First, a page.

House Joint Resolution 1 (Rep. West, D-Rockford) urges Illinois schools to provide education for all students in grades six-12 on how to identify, understand, and respond to signs of addictions and mental illnesses, as well as provide instruction for how to help someone who is developing a mental health problem or experiencing a mental health crisis. Passed unanimously.

Supports for Comprehensive Sex Education

House Resolution 39 (Rep. Mussman, D-Schaumburg) supports comprehensive sex education. Passed out of committee 14-9.

Special Education

Parent Notification – Student Eligibility SPED Services

HB 290 (Rep. Hirschauer, D-West Chicago) requires a school district to provide notification to the parent or guardian of a student with an individualized education program (IEP) that the student may be eligible to receive additional specified services. Provides that the written notification must be provided no later than 30 days following the implementation of the initial IEP and once a year thereafter. Passed unanimously.

Complaints made to CPS about Special Ed Must be Filed with State Board of Education

HB 2425 (Rep. Crespo, D-Streamwood) provides that complaints concerning delays and denials of special education services in the 2016-2017 or 2017-2018 school year by the Chicago school district as a result of the adoption of policies and procedures identified by the State Board of Education as unlawful must be filed on or before September 30, 2022 (rather than September 30, 2021). Passed unanimously.

SPED Services for Students – 22nd Birthday

HB 2748 (Rep. Ness, D-Carpentersville) provides that if a student turns 22 during the time in which the student's in-person instruction is suspended for a period of 3 months or more during the school year as a result of the COVID-19 pandemic, then the student is eligible for special education services through the end of the following school year (rather than being eligible for such services only until the day before the student's 22nd birthday). Passed unanimously.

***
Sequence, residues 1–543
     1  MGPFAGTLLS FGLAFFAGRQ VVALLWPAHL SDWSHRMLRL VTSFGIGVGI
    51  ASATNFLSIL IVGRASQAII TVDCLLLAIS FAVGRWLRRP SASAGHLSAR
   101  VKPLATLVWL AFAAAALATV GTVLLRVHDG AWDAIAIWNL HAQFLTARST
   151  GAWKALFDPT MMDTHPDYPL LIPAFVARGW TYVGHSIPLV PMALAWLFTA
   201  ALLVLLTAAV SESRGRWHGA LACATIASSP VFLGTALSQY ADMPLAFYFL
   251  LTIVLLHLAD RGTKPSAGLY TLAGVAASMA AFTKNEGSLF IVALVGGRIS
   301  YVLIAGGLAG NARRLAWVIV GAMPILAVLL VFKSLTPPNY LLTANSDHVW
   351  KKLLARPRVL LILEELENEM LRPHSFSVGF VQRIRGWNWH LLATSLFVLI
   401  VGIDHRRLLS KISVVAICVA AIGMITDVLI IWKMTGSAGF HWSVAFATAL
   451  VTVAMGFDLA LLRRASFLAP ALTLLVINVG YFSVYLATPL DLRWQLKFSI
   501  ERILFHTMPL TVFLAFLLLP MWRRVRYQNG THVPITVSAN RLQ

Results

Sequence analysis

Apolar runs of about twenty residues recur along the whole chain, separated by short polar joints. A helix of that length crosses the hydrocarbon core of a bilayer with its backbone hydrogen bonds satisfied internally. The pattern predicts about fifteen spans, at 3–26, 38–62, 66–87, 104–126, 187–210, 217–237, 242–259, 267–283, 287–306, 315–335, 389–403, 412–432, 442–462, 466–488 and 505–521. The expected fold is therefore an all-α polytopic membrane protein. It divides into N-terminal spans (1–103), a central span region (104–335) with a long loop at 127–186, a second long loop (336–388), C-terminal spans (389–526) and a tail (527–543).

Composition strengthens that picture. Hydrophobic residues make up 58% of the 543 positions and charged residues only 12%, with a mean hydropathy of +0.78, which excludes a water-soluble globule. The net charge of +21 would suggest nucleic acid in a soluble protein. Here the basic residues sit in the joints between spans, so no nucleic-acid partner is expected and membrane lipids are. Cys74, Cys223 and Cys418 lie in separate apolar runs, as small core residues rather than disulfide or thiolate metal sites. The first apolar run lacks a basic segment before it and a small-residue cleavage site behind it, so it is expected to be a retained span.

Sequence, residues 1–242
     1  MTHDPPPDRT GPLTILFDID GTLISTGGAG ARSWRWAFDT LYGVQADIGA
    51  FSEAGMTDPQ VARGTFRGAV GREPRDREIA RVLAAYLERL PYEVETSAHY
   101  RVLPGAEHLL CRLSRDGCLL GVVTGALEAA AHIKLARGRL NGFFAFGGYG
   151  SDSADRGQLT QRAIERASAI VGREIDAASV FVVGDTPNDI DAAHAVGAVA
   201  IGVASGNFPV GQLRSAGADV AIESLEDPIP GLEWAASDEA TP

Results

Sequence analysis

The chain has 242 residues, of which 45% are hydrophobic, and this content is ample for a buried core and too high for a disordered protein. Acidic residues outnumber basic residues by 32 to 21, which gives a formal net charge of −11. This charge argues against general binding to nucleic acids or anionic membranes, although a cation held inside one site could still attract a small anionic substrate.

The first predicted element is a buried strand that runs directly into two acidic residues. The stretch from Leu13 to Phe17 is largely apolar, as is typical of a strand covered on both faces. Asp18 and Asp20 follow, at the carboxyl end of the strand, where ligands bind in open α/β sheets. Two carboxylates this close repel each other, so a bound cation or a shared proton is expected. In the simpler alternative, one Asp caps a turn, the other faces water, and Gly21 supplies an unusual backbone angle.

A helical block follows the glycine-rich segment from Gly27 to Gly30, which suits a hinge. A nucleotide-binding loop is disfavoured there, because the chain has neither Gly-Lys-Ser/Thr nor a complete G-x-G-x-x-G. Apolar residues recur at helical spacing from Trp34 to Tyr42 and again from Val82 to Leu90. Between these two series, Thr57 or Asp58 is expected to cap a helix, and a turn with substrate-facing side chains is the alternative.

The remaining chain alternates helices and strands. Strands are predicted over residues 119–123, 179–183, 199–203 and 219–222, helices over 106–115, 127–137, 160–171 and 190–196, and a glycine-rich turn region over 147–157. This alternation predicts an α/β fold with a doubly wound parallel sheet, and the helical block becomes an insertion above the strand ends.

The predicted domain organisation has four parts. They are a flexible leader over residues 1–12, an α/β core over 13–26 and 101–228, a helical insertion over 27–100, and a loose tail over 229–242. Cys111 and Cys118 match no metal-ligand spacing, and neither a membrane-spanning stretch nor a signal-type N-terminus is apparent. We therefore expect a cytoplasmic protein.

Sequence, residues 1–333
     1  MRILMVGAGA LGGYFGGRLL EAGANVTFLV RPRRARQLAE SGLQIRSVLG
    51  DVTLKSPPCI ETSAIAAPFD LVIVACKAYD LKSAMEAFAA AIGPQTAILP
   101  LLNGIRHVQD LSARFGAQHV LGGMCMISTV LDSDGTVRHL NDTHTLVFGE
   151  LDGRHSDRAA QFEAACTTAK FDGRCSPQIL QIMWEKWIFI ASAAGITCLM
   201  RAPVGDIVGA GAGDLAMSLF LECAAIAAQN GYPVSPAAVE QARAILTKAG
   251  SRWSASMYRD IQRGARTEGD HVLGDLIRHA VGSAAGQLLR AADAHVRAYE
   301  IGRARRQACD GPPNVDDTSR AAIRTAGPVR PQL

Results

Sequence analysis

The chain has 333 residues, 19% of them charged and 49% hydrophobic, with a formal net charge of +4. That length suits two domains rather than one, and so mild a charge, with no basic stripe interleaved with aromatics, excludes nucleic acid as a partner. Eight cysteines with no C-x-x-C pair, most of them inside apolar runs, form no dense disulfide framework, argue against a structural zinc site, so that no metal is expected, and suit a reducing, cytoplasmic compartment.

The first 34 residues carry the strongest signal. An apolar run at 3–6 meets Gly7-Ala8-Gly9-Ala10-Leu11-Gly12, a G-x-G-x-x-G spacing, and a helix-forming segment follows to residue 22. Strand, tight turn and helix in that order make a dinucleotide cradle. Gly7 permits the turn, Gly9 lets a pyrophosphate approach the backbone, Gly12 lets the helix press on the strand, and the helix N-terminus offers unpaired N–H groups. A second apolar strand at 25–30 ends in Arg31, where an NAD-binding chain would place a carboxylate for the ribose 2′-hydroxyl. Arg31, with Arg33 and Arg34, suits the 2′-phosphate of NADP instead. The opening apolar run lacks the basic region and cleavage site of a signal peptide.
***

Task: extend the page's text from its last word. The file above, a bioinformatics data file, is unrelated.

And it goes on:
Changes to CPS Special Ed Policy – Published Online, Provided Within 10 day of Request

HB 3859 (Rep. Crespo, D-Schaumburg) amends the Children with Disabilities Articles of the School Code. Provides that the Chicago school district shall publish on the district's website any proposed changes to the district's policy and procedural manuals, no later than 45 days before the adoption of that change, unless this would prevent the district from following State or federal laws. Provides that school boards shall provide upon request by any person written materials and other information that indicates the specific policies, procedures, rules, and regulations regarding the identification, evaluation, or educational placement of children with disabilities. Requires these materials and other information to be provided within 10 school days from the receipt of the request by the school board. Passed unanimously.

Determination of Parent/Guardian of SPED Students

HB 3906 (Rep. Davis, D-East Hazel Crest) provides that the State Superintendent of Education may determine that the location of the parent or guardian of a special education student is unknown after considering information submitted from the school district that last enrolled the student or from the school or special education facility providing special education and related services. Passed unanimously.